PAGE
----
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Kangra Paintings

Saturday, May 30th, 2009 | Author:

radkri2There are so many different types of paintings in India, some of which have been obsolete, while some have not been that popular. On the other hand, some schools of arts have emerged and have been significantly popular in keeping India on high grounds in the international art market and art industry. Thus, one of the better known gifts of Indian to the global art world is Kangra paintings. Kangra was a princely state in Himchal Pradesh. It is this place that patronized this art. The popularity of Kangra paintings accelerated after the fading of the Basohli School of painting in mid-eighteenth century. Soon later, Kangra paintings emerged in great magnitude and volume and the Pahari painting school, came to be known as Kangra paintings. The epicenters of Kangra paintings are Guler, Basohli, Chamba, Nurpur, Bilaspur and Kangra. Later this style also spread in Mandi, Suket, Kulu, Arki, Nalagarh and Tehri Garhwal. Today, this style is collectively known as Pahari paintings. In the 17th and 19th centuries, Kangra paintings were patronized by the Rajput rulers and thus they belong to the School of Pahari paintings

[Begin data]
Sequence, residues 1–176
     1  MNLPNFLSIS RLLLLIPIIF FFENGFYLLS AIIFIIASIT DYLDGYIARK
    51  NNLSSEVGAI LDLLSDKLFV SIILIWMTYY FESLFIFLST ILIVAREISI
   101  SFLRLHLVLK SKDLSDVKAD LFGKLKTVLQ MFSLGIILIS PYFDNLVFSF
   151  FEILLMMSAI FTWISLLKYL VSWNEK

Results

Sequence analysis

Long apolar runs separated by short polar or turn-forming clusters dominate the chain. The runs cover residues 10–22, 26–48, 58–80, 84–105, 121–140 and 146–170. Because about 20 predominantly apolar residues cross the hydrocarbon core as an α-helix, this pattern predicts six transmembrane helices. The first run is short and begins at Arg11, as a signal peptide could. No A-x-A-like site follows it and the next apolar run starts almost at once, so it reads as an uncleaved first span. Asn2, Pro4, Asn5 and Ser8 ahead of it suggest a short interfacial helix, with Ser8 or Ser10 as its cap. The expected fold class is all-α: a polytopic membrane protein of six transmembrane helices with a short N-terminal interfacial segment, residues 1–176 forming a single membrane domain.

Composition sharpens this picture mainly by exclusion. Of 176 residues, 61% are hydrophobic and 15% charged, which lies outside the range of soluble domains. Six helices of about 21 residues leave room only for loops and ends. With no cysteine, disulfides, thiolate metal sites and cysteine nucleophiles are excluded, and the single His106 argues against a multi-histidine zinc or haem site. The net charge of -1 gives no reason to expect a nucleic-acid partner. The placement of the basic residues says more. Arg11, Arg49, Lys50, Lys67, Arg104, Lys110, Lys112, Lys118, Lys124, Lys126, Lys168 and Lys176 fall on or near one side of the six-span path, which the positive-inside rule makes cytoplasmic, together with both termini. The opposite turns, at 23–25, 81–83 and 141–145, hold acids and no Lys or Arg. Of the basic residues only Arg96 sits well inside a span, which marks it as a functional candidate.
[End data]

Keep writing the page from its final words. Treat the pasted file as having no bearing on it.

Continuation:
Pahari, which means hilly in Hindi language, were paintings that were made in the hilly regions of the ever so beautiful Himachal Pradesh. It is the development and the evolution of the Pahari paintings, which the Kangra School of paintings has evolved. Under the patronage of Maharaja Sansar Chand, who was an early patron of Kangra style, it became the most important center of Pahari painting.